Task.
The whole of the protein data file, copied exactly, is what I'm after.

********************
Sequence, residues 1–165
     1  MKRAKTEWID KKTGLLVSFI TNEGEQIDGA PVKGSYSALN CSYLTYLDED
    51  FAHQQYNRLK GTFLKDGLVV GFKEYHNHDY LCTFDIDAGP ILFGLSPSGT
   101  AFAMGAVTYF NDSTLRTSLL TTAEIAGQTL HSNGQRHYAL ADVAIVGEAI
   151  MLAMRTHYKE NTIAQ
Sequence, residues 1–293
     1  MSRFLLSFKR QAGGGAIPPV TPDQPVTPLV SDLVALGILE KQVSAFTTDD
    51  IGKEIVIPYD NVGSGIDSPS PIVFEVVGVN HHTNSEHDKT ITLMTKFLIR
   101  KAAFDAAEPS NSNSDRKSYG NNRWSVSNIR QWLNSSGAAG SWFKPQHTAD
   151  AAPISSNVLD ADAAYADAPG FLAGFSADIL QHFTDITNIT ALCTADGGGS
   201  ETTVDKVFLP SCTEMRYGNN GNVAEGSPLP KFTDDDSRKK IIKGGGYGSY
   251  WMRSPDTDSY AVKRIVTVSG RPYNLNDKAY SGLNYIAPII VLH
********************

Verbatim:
Sequence, residues 1–165
     1  MKRAKTEWID KKTGLLVSFI TNEGEQIDGA PVKGSYSALN CSYLTYLDED
    51  FAHQQYNRLK GTFLKDGLVV GFKEYHNHDY LCTFDIDAGP ILFGLSPSGT
   101  AFAMGAVTYF NDSTLRTSLL TTAEIAGQTL HSNGQRHYAL ADVAIVGEAI
   151  MLAMRTHYKE NTIAQ
Sequence, residues 1–293
     1  MSRFLLSFKR QAGGGAIPPV TPDQPVTPLV SDLVALGILE KQVSAFTTDD
    51  IGKEIVIPYD NVGSGIDSPS PIVFEVVGVN HHTNSEHDKT ITLMTKFLIR
   101  KAAFDAAEPS NSNSDRKSYG NNRWSVSNIR QWLNSSGAAG SWFKPQHTAD
   151  AAPISSNVLD ADAAYADAPG FLAGFSADIL QHFTDITNIT ALCTADGGGS
   201  ETTVDKVFLP SCTEMRYGNN GNVAEGSPLP KFTDDDSRKK IIKGGGYGSY
   251  WMRSPDTDSY AVKRIVTVSG RPYNLNDKAY SGLNYIAPII VLH